There were some absolute gems of information in her session that spurred on some great discussions, so I thought I’d share some of it with you in this quick round-up. Thanks again Jen for delivering such an engaging workshop! If you missed it, don’t forget to connect with Jen on LinkedIn for more info.
Nor does it start on day 1. A thorough onboarding process takes the employee through four stages, beginning before they set foot on-site and ending when they become productive and engaged.
Increase day one attendance and start the learning before new starters join the company by sending out e-learning, a tailored welcome video and important policies. My favourite tip was to ask people what their favourite chocolate bar is and include one in their welcome pack on their first day.
Structure induction with a blended approach to learning. Many organisations have a 1-day welcome session then it’s into the role, but Jen emphasised the importance of robust governance and control of any development which takes place after day one. She shared that a great way to do this – in lieu of trainer-led activity, using trained SMEs.
In the case of lengthier inductions, development should be continued after new starters leave the training room. Give them the opportunity to hone their skills and behaviours in a live setting.
Jen talked us through a framework to transition from good to great, through the employee’s end-to-end journey with the organisation.
Jen then asked us all to discuss current onboarding challenges. Not surprisingly, there were quite a few thrown around the room! Here are a couple that we spoke about, and some of the possible solutions that Jen shared too.
Solution: One tip Jen shared was to send a welcome video introducing new starters to the people they’ll meet on their first day. It can include anyone from their new line manager, other team members or the person that’ll be sorting their office pass on the first day.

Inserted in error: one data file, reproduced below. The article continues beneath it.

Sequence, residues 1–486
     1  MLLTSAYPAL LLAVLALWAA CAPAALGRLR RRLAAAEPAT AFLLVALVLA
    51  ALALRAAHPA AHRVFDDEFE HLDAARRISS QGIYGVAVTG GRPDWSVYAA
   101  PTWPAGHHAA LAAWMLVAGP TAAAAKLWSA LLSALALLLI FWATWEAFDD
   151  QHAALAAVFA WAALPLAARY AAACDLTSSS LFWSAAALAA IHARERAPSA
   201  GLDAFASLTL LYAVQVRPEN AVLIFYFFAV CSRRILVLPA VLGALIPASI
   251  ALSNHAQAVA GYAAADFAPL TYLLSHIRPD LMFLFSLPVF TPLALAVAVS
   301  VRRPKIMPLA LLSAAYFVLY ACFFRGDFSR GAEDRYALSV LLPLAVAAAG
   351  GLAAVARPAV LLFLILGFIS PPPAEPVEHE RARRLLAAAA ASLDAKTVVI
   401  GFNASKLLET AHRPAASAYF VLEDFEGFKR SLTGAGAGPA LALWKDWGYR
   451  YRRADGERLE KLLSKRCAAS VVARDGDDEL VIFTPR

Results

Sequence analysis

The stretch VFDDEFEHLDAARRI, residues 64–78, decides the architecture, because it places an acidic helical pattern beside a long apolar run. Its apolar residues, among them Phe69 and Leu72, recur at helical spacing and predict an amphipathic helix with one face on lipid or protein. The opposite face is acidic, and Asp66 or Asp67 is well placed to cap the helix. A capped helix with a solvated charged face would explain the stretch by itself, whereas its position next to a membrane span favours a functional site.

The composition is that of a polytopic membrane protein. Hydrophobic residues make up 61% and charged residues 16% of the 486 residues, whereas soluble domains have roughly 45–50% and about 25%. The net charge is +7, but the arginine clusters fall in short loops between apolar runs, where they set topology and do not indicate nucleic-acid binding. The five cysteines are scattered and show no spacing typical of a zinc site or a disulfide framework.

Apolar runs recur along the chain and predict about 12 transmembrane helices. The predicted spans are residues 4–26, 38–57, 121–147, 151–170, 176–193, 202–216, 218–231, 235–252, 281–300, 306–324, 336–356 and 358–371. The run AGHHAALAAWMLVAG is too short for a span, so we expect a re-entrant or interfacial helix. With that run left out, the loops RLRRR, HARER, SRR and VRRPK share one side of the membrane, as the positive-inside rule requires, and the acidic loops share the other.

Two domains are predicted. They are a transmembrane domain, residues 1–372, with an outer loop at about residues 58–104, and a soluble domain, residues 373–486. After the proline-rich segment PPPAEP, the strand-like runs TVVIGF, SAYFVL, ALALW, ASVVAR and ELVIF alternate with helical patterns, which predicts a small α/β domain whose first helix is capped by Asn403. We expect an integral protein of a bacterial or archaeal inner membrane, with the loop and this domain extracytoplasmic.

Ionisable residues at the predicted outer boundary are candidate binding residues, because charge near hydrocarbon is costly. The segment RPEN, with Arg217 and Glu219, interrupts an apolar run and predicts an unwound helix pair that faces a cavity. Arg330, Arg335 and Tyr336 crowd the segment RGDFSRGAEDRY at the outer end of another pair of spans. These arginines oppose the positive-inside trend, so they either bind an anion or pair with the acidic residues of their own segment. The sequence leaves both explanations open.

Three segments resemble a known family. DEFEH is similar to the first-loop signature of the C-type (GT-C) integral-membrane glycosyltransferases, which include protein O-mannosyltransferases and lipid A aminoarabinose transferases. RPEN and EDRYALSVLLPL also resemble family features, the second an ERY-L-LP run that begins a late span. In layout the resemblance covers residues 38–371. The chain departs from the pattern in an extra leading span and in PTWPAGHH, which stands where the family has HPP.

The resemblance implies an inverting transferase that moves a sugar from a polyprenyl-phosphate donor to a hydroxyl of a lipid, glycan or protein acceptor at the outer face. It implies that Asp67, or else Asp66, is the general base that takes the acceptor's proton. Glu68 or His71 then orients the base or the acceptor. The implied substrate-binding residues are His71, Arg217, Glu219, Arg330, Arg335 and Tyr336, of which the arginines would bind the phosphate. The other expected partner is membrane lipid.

Solution: Time with the trainer should be value-adding, not spent in front of a PC completing e-learning. This can be done in the time between signing the contract and starting with the company. Tell new starters that there’s a bit of e-learning to do before they start. And because it’s not the most exciting news they’ve ever had, have a plan for how to approach it. For example – tell them it will take them 2 hours, and that they’ll get paid for this time in their first months’ pay. Being clear is key.
It’s a lot isn’t it! This consists of advertising, trainer salaries, setting people up on systems, e-learning, staff materials, the list goes on. Jen shared a calculation for people in the room to work out their average cost of replacing employees over 12 months, and we had numbers from around £100,000 right up to over £800,000.
Solution: Assess what your onboarding process looks like, what the challenges are, and how you might be able to implement new strategies at each stage of the process to deal with any issues. For instance, if people are overloaded with training sessions and e-learning in their first week, think about distributing these training sessions over a longer period of time so that they’re trained on subjects that’ll help them grow when it’s most relevant. Oversharing can overwhelm, which isn’t the best thing for looking after (and retaining) your staff.
And at the end of it all, Jen made a very important point. You can get all of this right, but people will still decide they don’t want to work for you. It happens!
Solution: Onboarding (and retention) is a tricky world to navigate, so keep communication lines open between your existing staff and new starters. This way you’re more likely to find people that fit with your company culture in the first place, and if they eventually do decide to leave the company, it’s less likely to be on bad terms.
That’s all from me for now. Keep an eye on my networking & events page for my upcoming dates and details of other wonderful speakers.